2016: The Watershed Election

2016 will be a watershed year in American politics. The next president will take office during a period of significant uncertainty domestically and around the world.

Questions of religious freedoms and of America’s role in the global community will have to be answered. The winner will likely have a chance to shake up the Supreme Court.

We will also see a concrete test of new campaign strategies.

The slew of rhetorical aggression toward “the other” has kick-started crucial questions for the U.S. Will we retain our founding principles of freedom and due process or cave under the pressure of religious fundamentalism? With Americans now more worried about terrorism than any other issue, will our next Commander in Chief embody the will of the American public on security issues while making us feel safe?

With the TPP, Iran nuclear deal and the Paris climate agreement in the books, the 45th president will be obliged to either engage further with the international community or revert to isolationist policies reminiscent of the first half of the 20th century.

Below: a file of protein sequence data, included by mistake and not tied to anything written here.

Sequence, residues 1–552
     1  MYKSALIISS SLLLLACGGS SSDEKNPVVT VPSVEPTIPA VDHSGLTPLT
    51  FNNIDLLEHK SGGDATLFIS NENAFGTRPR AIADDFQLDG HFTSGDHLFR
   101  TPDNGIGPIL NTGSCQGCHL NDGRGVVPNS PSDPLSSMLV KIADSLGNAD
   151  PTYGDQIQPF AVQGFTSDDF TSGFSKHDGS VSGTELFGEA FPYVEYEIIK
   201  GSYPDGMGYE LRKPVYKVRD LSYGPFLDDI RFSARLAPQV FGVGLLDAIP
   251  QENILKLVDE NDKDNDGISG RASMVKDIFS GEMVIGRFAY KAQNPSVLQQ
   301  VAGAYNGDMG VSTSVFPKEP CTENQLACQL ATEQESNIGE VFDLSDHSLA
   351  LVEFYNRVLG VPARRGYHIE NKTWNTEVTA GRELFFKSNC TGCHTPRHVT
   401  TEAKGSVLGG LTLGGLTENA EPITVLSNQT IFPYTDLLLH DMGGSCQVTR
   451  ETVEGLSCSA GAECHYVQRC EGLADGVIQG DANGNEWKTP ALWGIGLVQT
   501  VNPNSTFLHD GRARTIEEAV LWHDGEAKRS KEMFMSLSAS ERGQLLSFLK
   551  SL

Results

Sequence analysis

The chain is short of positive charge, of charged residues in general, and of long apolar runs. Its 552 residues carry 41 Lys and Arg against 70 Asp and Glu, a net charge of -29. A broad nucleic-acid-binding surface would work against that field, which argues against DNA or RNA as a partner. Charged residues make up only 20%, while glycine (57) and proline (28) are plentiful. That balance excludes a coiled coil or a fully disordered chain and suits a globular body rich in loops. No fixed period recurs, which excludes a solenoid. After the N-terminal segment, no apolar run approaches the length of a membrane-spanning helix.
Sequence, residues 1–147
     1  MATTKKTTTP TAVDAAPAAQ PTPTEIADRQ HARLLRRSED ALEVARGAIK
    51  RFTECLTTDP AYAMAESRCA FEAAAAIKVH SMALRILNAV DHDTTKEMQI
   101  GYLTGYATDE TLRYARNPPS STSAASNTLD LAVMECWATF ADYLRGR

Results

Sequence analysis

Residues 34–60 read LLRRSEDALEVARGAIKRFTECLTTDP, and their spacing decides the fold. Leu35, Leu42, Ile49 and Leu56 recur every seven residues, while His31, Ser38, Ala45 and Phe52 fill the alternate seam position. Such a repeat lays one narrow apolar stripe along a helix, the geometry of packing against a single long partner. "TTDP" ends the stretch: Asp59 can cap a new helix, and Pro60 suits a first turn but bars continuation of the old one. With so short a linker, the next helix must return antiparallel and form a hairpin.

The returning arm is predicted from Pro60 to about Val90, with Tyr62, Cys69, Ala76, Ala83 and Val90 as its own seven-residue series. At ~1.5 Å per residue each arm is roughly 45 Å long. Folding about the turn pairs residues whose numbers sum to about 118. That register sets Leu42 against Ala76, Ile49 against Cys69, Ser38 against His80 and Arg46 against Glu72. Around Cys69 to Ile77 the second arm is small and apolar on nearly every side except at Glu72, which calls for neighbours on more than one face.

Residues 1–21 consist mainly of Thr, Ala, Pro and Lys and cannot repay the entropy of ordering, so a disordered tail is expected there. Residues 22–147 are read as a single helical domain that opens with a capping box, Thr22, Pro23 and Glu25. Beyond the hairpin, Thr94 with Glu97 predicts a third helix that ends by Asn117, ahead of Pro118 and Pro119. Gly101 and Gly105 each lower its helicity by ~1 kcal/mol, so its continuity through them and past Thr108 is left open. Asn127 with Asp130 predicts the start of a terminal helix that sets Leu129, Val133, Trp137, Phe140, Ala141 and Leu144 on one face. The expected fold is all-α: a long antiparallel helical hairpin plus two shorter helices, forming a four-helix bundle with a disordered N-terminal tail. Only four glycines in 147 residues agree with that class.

At a time of conflict and crisis, U.S. policy will have a spotlight shone on it. The world will be looking to see whether we stay on a similar track or jolt to the reactionary right.

Of significance is the very real possibility that the next president will have the chance to nominate up to three Supreme Court justices. Justice Ginsburg is 82 years old, but is not expected to step down anytime soon. Justice Kennedy, who is often a swing vote, is 79, as is Justice Scalia. Nominating a justice to the bench offers the ability to concretely shape legal precedent for decades to come.

Expect very different outcomes for the court's decisions, and long-term societal impact, depending on who wins the presidency.

With voting starting in exactly one month, the increasingly digital-centric strategies employed by campaigns will be under scrutiny. Is digital going to take over marketing and advertising budgets moving forward, or will it remain a cog in an increasingly varied strategy?

Whatever the 2016 outcome, let us wish for a more positive and encouraging new year.

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